Navigating Life-Changing Events in Uncertain Times – ME&A
post-template-default,single,single-post,postid-22728,single-format-standard,bridge-core-3.0.1,qode-page-transition-enabled,ajax_fade,page_not_loaded,,qode_grid_1300,side_area_uncovered_from_content,footer_responsive_adv,hide_top_bar_on_mobile_header,qode-child-theme-ver-1.0.0,qode-theme-ver-28.7,qode-theme-bridge,disabled_footer_bottom,qode_header_in_grid,wpb-js-composer js-comp-ver-7.7,vc_responsive

Navigating Life-Changing Events in Uncertain Times

Navigating Life-Changing Events in Uncertain Times

The importance of the ability to adapt is eloquently captured in “The Reinventionist Mindset: Learning to Love Change, and the Human How of Doing It Brilliantly” by Joe Jackman (2020):

“Change is everywhere and coming for us fast. This isn’t breaking news. Yet, despite knowing this – seeing the impact on our businesses and livelihoods – our human instinct is to resist. Instead of choosing change, we choose the status quo and ride it off a cliff.”

Rather than resisting change, high performance companies instead create environments in which team members acquire the skills and experience they need in challenging times like these to continue the company’s rise to success, according to Paul Nunes and Tim Breene in “Reinvent Your Business Before It’s Too Late” in Harvard Business Review (2011).

Before a crisis like COVID-19 hits, however, the average company often has lost focus on developing and retaining enough “serious talent,” the team leaders and members with both the capabilities and the will to drive new business growth, especially in challenging times. This is especially true when a company is successfully humming along but has not yet peaked. In ordinary circumstances, companies feel that operations can be leaner (they have moved far down the learning curve by then) and meaner because they are under pressures to boost margins. They reduce both head count and investments in talent, which has the perverse effect of driving away the very people they could rely on to help reinvent the business during a crisis or when sales or product line S-curves decline.

High performance companies, meanwhile, begin with the expectation that they are hiring people for the long term. They don’t just look for the optimal people for the current openings. They recognize that cultural fit is what helps ensure that someone will perform exceptionally well over time. Then after developing the talent they hire, high performance companies routinely take a hard look at exactly what their people are required to do day by day. That is because long before a successful business hits its revenue peak, the basis of competition on which it was founded expires. Competition in the cell phone industry, for instance, has changed several times – for both manufacturers and service providers – from price to network coverage to the value of branding and applications.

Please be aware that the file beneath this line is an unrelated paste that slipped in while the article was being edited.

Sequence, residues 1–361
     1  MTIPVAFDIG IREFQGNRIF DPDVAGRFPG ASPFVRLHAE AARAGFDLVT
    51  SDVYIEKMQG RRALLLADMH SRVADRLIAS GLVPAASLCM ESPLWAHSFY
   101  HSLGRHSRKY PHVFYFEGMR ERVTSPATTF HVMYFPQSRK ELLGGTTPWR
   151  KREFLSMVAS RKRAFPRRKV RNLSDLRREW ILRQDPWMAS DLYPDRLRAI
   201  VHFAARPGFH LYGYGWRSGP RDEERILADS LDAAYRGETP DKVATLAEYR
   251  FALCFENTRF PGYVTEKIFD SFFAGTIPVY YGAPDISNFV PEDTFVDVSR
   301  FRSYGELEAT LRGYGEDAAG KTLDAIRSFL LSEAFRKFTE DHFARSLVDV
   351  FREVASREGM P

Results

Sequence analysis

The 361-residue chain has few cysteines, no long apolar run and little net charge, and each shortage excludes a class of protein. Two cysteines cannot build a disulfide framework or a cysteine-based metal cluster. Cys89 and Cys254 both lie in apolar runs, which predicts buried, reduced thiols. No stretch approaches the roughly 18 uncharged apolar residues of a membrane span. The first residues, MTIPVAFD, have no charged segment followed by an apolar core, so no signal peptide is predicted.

High performance companies manage themselves according to three hidden S-curves – the basis of competition, the distinctiveness of their capabilities, and a ready supply of talent – putting them in a much better position to see changes in client needs, reinvent themselves, and create the next basis of competition in their industry even before their existing business lines have peaked or a crisis occurs. Companies that do not manage themselves with hidden S-curves in mind are likely to respond to a stall in growth by creating an urgent and drastic reinvention program – with little likelihood of success.

Jackman provides us with five principles to aid in achieving our success at reinvention: seeking insight everywhere, embracing uncertainty, creating the future now, obsessing the outcome, and making momentum together. He also offers steps to achieve what he calls a “Reinventionist Mindset”:

  1. Building a foundation of facts and feelings and immersing ourselves in our business
  2. Making a case for change, and a case for confidence
  3. Uncovering insights, by simply asking questions and listening carefully
  4. Defining an aspirational and financial outcome
  5. Reaching strategic choices on how to achieve it
  6. Bringing our company strategy to life through bold creative concepts and realistic, measurable goals
  7. Activating our strategy across all internal team and client touch points in order to optimize momentum
  8. Articulating our strategy, crafting our main messages for each of our clients and stakeholders, and immersing them in the level of detail appropriate to their roles
  9. Executing our strategy, measuring its impact, and sharing its progress relentlessly with all of our stakeholders

Within the word “reinvention,” Jackman claims, is this central idea embodied, the re being a continual return to the original invention, so it can be remade. The opposite of throwing everything out and starting again. The opposite of becoming something else entirely. Updating and adapting to the present moment and possibilities. Always sharpening its focus, while striving to innovate and make it more optimal. Truly grasping that any kind of “from/to” journey, should not be a big change moment, but a fluid state of continuity, evolving and improving toward a realistically achievable outcome.

This is another reminder of why life-changing challenging events – such as the COVID-19 pandemic – teach lessons that create leaders adept at navigating S-curve after S-curve and ultimately keep driving high performance companies to success.